Charity calls on Government to issue progress plan of actions taken to prepare for end of eviction ban
27th January 2023
Figures published by the Department of Housing today show the number of people officially homeless has hit another record high of 11,632. This is first time homeless numbers have risen every month in a calendar year since the numbers were first released in 2014. The new figures for December 2022 show an increase of 90 people in one month compared to the 11,542 homeless in November. The figures mean there’s been a shocking 30% rise of the number of people homeless in the last year from 8,917 in Dec 2021 – to 11,632 people in December 2022.
The charity has called these figures ‘shameful’ and said that they should impel the Government to take far more urgent and effective action before the crisis deepens even further.
Focus Ireland CEO Pat Dennigan said, “When we see 30% rise in the last year completely wipe out the massive progress we made during the pandemic in 2021, when figures dropped to below 8,000 people, it is easy to just become despondent, but we need to use this set-back to give us the impetus to take the steps that can change things. Focus Ireland welcomed the Government’s winter eviction ban but warned that it only allowed a ‘breathing space’ for the Government to introduce measures that would have a more lasting impact. We are now half-way through the breathing space that the winter eviction ban creates, and we are calling on the Government to publish a progress report on how it has used this time and what it plans to put in place before the end of the current ban.”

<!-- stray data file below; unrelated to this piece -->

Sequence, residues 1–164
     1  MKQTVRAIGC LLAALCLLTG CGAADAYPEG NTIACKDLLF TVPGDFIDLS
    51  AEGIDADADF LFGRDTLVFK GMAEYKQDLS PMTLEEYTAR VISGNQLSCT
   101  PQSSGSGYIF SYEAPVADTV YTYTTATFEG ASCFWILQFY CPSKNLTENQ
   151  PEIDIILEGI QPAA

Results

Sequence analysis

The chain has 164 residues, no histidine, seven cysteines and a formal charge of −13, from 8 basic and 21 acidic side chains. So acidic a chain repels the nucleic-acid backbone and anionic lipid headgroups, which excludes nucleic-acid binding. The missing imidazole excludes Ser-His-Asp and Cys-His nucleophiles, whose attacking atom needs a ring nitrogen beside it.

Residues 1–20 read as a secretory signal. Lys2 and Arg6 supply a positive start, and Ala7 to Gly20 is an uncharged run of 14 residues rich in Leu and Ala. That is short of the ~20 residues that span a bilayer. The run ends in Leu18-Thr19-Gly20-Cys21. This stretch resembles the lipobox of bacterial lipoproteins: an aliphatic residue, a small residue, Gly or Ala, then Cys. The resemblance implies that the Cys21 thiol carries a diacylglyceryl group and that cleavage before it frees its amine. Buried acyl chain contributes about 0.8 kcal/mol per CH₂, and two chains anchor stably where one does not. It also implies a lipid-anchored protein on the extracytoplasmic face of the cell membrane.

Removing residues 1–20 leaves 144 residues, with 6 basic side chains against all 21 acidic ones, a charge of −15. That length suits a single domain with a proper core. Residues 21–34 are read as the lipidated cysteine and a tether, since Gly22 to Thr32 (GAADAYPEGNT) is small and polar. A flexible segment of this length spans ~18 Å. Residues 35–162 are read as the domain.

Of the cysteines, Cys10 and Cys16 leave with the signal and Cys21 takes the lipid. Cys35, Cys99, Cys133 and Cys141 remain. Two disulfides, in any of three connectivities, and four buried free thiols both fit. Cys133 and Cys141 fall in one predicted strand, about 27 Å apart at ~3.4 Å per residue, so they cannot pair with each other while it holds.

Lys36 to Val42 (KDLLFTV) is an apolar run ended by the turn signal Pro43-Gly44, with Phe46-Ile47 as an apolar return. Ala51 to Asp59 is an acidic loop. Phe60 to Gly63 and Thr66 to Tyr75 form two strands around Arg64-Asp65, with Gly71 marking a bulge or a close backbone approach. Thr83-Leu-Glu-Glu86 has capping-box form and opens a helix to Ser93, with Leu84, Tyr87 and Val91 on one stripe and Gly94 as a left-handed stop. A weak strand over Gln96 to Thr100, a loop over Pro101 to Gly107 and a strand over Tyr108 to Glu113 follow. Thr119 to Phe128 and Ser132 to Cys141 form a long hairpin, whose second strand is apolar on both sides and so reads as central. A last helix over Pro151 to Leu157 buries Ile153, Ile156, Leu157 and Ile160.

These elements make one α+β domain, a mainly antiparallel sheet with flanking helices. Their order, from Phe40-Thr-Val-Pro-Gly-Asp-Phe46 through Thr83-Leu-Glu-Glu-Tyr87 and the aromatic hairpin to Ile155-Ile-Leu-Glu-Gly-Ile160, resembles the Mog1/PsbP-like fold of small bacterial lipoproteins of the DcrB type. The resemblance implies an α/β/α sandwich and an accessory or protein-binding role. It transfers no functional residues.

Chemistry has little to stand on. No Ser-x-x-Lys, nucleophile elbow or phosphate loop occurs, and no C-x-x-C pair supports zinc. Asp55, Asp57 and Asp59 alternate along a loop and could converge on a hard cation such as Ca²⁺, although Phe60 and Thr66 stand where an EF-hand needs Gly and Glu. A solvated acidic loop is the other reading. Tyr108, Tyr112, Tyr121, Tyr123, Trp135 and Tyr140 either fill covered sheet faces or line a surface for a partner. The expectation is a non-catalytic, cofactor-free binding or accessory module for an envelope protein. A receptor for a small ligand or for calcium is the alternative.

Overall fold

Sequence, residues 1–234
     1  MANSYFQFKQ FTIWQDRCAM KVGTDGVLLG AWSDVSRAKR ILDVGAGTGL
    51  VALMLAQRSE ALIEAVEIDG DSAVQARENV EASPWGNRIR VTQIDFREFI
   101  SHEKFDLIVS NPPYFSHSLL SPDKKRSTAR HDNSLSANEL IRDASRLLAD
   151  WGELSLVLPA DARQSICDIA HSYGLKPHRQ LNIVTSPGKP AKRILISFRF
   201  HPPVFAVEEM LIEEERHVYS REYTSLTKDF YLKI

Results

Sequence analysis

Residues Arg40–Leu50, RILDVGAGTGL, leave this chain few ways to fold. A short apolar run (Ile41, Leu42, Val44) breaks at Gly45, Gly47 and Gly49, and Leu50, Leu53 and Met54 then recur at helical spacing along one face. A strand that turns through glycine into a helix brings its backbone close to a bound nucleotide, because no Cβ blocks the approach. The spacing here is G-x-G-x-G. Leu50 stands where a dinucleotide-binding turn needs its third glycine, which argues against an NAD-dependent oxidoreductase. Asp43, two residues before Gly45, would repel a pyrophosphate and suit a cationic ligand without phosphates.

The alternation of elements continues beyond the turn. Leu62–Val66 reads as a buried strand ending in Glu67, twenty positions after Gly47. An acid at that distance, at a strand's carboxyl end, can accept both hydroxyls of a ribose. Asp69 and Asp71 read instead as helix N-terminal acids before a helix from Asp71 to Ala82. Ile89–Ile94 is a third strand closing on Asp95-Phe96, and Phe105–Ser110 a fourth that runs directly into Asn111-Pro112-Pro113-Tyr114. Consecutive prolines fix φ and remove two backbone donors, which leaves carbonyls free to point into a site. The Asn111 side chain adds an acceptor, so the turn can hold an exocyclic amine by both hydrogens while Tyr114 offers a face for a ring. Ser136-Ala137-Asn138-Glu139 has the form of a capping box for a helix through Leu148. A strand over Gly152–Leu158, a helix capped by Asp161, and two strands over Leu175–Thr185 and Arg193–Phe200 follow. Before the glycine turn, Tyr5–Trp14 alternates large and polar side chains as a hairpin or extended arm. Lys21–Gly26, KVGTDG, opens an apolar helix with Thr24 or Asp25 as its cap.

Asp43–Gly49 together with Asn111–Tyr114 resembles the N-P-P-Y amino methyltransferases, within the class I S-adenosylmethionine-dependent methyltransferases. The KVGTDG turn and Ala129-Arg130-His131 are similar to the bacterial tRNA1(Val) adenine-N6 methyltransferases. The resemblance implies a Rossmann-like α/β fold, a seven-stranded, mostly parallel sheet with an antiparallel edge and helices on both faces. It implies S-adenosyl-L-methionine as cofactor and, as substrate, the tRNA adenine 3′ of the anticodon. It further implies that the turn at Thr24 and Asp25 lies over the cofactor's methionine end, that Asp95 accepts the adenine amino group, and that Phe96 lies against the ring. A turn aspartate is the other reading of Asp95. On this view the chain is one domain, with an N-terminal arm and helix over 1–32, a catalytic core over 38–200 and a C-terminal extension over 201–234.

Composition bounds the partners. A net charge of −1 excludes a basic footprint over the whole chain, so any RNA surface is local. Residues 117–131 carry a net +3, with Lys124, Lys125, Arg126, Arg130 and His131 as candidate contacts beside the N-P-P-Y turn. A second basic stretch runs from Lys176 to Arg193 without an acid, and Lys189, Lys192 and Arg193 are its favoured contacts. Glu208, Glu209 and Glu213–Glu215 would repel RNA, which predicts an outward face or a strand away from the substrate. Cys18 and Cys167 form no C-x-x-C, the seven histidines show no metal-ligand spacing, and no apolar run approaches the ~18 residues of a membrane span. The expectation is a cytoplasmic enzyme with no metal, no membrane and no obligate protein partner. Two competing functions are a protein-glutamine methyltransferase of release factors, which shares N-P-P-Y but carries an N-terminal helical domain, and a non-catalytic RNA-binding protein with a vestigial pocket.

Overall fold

He explains: ‘’The eviction ban is having a short-term positive impact by preventing families from losing their homes, but it does nothing to tackle the long-term shortage of homes which is driving homelessness. While we welcome the positive indications about the overall number of homes built last year, the projections for next year and the continued failure to reach the social housing targets, the number of landlords wanting to sell-up and the new indications that the targets need to be increased all indicate that current plans are insufficient. We need to avoid a situation where numbers skyrocket even further once the measure is lifted in April and a half-time report from Government would give us a clearer idea of how the Government intends to avoid this.”
He adds: “It is crucial to remind ourselves that homelessness is solvable. It is not normal or acceptable and is due to nearly 10 years of poor policies and can be stopped over time by improved measures that are implemented quickly. The failures of successive governments have created a crisis where over 3,400 children will spend their days and nights in emergency accommodation. These are human beings not just figures and too many children, families and single people are suffering trauma caused by homelessness. Ultimately lives are being stolen and we simply cannot accept this as a society.”
The December figures also report 1,594 families with 3,442 children now homeless. Child homelessness has now increased 40% compared to December 2021.
Conor Culkin (he/him)